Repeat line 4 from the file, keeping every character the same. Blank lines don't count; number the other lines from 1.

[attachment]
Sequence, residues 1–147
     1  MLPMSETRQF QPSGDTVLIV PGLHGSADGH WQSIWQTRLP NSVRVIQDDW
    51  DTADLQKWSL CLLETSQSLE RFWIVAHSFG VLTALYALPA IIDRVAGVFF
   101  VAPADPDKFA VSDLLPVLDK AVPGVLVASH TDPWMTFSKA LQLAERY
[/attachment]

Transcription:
   101  VAPADPDKFA VSDLLPVLDK AVPGVLVASH TDPWMTFSKA LQLAERY